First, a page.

d) Other features that do not seem to influence the students’ preference of male teachers over female teachers
include teachers’ ability to understand their students’ educational needs, proficiency of the taught language and
an overall capability in teaching the language. The finding shows a close evaluation of teachers of both genders
across those teaching skills in particular.
So what could be the reason for the overall preference of male teachers over female teachers?
a) A number of personal traits such as friendliness and kindness appear to attract the students towards male
teachers over their female counterparts. The study reveals that the majority of the students find male teachers
friendlier and kinder than female teachers. Male teachers were also associated with a higher level of sense of
humor, whereas female teachers were associated with less patience. Male teachers are also viewed as being less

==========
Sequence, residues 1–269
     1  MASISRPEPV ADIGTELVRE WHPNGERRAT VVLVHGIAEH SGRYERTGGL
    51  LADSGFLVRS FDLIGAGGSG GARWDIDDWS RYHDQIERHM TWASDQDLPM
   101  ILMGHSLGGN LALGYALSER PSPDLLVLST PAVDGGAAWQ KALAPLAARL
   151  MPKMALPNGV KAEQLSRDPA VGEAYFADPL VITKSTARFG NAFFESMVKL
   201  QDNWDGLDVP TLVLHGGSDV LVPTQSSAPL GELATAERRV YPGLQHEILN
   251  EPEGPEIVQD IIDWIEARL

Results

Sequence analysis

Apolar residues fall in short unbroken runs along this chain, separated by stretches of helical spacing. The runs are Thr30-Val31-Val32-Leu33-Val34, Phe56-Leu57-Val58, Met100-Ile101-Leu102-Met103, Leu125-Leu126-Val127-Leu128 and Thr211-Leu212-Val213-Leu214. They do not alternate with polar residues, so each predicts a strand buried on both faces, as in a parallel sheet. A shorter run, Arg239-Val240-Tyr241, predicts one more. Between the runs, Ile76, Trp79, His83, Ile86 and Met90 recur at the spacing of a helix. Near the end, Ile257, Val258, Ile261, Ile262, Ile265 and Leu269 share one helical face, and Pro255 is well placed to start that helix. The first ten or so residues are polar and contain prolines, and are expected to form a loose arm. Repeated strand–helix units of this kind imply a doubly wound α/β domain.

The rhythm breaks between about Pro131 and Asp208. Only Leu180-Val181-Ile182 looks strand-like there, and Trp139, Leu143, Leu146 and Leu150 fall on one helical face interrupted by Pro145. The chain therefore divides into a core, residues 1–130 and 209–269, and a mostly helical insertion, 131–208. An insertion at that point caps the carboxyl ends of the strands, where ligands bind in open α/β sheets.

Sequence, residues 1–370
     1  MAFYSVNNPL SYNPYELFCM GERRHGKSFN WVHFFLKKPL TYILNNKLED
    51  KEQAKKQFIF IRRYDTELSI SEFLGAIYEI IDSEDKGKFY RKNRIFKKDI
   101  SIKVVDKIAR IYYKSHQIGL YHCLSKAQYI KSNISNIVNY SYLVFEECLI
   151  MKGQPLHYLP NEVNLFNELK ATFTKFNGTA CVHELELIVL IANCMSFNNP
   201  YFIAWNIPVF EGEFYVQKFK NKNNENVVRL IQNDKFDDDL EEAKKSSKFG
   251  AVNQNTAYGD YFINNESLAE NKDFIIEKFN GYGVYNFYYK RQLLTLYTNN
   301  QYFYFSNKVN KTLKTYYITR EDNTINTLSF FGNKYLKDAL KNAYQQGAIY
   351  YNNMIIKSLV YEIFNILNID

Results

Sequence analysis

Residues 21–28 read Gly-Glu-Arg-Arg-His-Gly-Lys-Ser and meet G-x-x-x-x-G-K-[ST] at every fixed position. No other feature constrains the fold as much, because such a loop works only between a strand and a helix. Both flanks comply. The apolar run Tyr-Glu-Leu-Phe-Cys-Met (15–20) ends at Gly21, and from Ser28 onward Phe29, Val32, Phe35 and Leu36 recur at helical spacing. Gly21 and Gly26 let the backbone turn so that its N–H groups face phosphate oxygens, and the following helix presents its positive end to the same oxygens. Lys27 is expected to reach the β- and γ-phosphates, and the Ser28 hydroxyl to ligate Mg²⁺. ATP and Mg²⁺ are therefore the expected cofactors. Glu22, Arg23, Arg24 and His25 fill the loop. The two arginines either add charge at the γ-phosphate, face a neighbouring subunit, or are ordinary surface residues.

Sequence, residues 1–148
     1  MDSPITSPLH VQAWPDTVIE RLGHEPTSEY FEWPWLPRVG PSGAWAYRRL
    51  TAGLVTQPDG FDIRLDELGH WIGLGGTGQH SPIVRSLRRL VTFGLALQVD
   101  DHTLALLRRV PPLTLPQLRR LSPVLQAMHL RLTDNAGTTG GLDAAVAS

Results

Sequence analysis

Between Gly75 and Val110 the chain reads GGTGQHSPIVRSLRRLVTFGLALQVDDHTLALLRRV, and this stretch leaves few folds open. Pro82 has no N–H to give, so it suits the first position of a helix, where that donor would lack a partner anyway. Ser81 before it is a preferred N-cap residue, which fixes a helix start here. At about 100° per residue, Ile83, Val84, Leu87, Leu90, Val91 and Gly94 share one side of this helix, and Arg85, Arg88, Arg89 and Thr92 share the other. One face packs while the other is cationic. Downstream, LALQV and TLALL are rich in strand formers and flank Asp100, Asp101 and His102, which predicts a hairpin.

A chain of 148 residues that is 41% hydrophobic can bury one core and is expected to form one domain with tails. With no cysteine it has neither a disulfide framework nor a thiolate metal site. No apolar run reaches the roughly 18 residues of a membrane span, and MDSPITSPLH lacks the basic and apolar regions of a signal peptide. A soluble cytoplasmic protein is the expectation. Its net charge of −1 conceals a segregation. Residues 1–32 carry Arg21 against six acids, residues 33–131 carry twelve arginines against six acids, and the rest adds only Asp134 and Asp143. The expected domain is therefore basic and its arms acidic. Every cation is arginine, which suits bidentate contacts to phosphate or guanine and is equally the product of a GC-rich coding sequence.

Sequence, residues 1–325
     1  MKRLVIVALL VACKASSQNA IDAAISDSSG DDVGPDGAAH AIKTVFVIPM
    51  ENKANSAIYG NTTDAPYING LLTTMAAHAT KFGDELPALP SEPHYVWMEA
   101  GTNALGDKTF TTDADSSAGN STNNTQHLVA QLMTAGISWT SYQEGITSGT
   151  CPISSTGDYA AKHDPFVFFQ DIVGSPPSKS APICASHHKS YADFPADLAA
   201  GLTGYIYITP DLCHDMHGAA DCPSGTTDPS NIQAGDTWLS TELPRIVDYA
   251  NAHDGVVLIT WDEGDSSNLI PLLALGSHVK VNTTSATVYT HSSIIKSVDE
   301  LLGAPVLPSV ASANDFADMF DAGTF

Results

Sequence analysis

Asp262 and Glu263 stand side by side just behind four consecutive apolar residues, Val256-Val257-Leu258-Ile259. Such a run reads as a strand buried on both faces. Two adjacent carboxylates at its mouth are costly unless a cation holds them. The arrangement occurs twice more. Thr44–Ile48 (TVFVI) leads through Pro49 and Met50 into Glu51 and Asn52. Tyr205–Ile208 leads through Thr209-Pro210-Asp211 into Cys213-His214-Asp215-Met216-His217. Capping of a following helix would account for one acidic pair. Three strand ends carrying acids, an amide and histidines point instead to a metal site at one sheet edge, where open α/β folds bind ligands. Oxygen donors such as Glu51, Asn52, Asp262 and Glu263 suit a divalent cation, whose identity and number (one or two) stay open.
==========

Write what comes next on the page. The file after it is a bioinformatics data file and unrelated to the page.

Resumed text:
prejudiced than their female counterparts.
b) As for teaching skills, male teachers are viewed as always properly reviewing covered material, alongside
higher levels of pre-lesson preparedness. The latter seems to be more prominent amongst younger single
students.
c) Another dimension across the teachers’ evaluative views as held by the students is the learning outcome, with
the two main facets, namely, the amount of learning and the attainment of grades. In this regard, the students
expressed their ability to learn more from their male teachers, hence obtaining better overall grades. A possible
reason for a better learning outcome could be a more serious attitude towards learning when the subject is taught
by a male teacher rather than a female teacher. Our results seem to challenge Dee’s ‘gender-specific role model,
whereby it is expected that students are more likely to actively engage in class, and be at their best behavior,
when the gender of their teacher matches theirs (2006: 70). Such state tends to be reinforced by divorced
students who clearly do not take female teachers as seriously as they do with their male teachers. This view
could be a result of living and interacting in a strictly male-dominated society, whereby the male figure
represents the voice of authority, as manifested by Kuwaiti’s patriarchal society. Despite the fact that our